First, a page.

© Center for Free, Fair, and Accountable Democracy
This booklet is meant to be used only for civic education.
It may be copied and distributed only for non-profit, non-partisan, educational purposes and only with proper credit to the Center for Free, Fair, and Accountable Democracy.
Written by Douglas Addison for the Center for Free, Fair, and Accountable Democracy.
CFFAD is a non-profit organization providing non-partisan civic education.
Cover photo: Lawrence Jackson, whitehouse.gov/public domain
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Who among us hasn’t over-reacted at least once in their life out of a fear that someone would hurt us or take something away from us? Some politicians throughout our history have used such fears to motivate people to support them and their policies. Crime is a favorite. Other popular scary topics include people who don’t look like us, or don’t share our culture, language, or religion – all coming to take our jobs or our women and children. Economic crises like recessions or hyper-inflation can be pretty scary too, as can natural disasters. Invoking any of these fears to manipulate people is often referred to as fear-mongering.
In this short learning module, we review the consequences of fear, the hallmarks of fear-mongering, and some techniques you can use to manage fear. These skills are important because, as we explain below, it hard to fight for something precious, like liberal and republican elements of our government (see America: Republic or Democracy?), when our minds are fogged with fear.
1. Fear has Consequences
Fear affects our ability to think and act. We can miss important information: our vision can narrow, we can become color blind, our depth perception may weaken. Our sense of time gets distorted. In such circumstances, it is no surprise that scared people start seeing threats where there are none. When the threat is real, scared people miss crucial details that would help them win. Some people run away, even when others need help. Some people freeze up, like a deer caught in the headlights of a car.
- There were many false alarms following the terrorist attack of 9/11/2001. People reported all sorts of bomb threats that were purely imagined, at great expense to the affected jurisdictions. In one example, a man thought the confetti in his birthday card anthrax. Many people stopped traveling, and many businesses spent millions of dollars irradiating their mail to protect against the possibility of anthrax.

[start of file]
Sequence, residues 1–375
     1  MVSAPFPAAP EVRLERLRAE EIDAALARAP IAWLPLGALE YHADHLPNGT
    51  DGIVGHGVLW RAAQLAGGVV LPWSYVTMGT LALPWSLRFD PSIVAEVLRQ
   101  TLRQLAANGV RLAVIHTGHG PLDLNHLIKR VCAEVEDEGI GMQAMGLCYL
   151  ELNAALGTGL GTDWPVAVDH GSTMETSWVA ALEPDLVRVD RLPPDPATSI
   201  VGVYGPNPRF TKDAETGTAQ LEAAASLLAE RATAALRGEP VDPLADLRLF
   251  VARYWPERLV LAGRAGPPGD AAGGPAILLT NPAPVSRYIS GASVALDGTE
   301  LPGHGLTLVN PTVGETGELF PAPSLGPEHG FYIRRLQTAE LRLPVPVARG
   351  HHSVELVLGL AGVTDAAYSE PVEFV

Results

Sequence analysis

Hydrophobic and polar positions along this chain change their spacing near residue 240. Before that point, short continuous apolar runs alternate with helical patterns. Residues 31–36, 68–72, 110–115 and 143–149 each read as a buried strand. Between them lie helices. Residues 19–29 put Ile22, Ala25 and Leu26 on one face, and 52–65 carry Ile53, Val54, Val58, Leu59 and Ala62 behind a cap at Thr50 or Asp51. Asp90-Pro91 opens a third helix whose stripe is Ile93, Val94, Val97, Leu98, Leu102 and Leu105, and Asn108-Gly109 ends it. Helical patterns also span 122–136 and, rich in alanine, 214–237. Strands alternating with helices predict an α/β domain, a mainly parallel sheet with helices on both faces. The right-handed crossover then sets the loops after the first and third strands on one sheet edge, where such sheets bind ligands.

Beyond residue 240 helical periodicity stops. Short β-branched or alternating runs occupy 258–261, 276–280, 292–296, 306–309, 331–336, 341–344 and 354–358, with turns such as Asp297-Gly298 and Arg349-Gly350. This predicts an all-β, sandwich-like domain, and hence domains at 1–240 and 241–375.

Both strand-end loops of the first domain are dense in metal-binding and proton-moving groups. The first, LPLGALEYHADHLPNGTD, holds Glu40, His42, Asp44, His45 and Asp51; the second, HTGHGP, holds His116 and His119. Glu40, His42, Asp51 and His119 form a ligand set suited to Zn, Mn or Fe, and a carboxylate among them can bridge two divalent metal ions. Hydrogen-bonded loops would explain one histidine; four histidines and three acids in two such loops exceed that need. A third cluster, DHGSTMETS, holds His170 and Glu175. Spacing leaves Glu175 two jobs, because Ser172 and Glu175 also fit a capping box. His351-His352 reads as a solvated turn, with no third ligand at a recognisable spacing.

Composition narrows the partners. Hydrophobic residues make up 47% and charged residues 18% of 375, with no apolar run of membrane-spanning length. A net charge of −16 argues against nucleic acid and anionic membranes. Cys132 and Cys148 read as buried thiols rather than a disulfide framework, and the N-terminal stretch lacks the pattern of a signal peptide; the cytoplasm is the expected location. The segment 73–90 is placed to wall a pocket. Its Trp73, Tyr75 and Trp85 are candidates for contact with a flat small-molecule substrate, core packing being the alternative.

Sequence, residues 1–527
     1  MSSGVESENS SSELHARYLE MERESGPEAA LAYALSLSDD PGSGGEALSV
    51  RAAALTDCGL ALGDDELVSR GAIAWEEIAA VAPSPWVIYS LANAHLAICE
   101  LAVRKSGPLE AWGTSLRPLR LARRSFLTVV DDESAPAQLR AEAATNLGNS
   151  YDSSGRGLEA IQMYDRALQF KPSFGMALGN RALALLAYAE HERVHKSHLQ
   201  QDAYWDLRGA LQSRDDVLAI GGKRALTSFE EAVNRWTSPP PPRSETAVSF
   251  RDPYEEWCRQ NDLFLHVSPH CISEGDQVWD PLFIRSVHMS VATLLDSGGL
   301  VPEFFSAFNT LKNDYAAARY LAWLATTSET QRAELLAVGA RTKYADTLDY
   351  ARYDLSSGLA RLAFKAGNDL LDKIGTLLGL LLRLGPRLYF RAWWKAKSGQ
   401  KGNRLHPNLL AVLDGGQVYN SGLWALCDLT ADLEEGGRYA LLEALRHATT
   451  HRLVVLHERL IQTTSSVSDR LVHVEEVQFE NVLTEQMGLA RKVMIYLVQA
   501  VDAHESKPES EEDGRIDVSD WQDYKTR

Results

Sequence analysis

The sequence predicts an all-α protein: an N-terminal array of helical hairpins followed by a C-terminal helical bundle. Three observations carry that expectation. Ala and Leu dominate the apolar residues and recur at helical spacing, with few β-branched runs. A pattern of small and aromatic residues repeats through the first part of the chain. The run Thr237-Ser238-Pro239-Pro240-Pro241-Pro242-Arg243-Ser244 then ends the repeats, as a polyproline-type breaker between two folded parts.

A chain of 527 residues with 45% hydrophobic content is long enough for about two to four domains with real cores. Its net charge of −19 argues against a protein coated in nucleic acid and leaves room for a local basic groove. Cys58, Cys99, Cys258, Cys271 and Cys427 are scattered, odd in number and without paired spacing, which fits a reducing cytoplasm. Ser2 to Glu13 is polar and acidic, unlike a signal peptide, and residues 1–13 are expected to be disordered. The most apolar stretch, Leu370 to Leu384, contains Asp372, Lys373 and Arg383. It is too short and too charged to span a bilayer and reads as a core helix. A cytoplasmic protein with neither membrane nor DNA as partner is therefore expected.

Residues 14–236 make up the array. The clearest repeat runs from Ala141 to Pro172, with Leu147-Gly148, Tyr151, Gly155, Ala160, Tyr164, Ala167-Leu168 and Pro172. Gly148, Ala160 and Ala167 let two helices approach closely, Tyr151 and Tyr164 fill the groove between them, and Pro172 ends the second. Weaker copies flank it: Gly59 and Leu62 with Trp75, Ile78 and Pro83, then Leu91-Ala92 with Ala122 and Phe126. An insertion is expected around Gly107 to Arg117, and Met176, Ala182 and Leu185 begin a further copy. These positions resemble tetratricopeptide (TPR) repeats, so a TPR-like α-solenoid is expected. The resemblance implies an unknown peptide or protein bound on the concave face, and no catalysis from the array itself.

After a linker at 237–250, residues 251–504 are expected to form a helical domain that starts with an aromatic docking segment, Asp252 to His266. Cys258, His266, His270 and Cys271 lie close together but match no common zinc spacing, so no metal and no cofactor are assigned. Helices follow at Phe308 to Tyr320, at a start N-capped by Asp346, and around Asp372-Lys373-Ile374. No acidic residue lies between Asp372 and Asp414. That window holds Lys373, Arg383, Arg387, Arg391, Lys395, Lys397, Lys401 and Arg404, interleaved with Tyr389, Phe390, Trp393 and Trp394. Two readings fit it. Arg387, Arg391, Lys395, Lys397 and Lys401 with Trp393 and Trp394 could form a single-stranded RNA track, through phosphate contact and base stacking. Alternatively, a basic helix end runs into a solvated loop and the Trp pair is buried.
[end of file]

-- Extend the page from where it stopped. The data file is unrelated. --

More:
Persistent fear can also affect our health. Constant fear weakens our immune systems and can cause heart problems, stomach problems, and decreased fertility. Other effects include tiredness, depression, faster aging, and even early death. Doctors found that people who were most fearful of another attack after 9/11/2001 were also much more likely to suffer from new heart problems.
Many people are willing to sacrifice their rights, or the rights of others, when they are scared. Here are a few famous historical examples of how fear motivated people in the wrong direction:
- The “Red Scare” of 1919-20. After World War One, American workers were eager for wage increases following their sacrifices in the inflationary war years. A series of massive strikes created fear that American workers would follow the recent Bolshevik revolution in Russia – as tried in parts of Europe. Many people were spied on and/or blacklisted from employment. Picketing was outlawed, thus denying workers their freedom of speech and assembly. Laws protecting against child labor and establishing a minimum wage for women were also struck down. A second red scare took place in the 1940s and 1950s, ending with the McCarthy Trials in 1954.
- Fear of Japanese after the bombing of Pearl Harbor led to the mass incarceration of 110-120 thousand Japanese living in the US from 1942 through 1946. Sixty-two percent of them were US citizens. In 1988, President Reagan signed into law the Civil Liberties Act, which apologized for the internment on behalf of the U.S. government and authorized a payment of $20,000 to each camp survivor. The legislation admitted that government actions were based on “race prejudice, war hysteria, and a failure of political leadership.”
- Decades of fear of terrorist attacks has motivated people in many countries, including the USA, to submit to warrantless baggage searches, pat-downs, and body-imaging scans. Many Americans believe these should be considered illegal under the Fourth Amendment of the US Constitution, protecting against unreasonable search and seizure. The only way this kind of monitoring can be justified as “reasonable” is to presume everyone is potentially a terrorist. Additional measures include the placement of video monitors in tens of thousands of locations, license place readers, monitoring of social media, and other means of tracking personal location and behavior. Thus far, there has not been widespread abuse of these new powers, but there is enormous opportunity waiting for anyone determined to do so.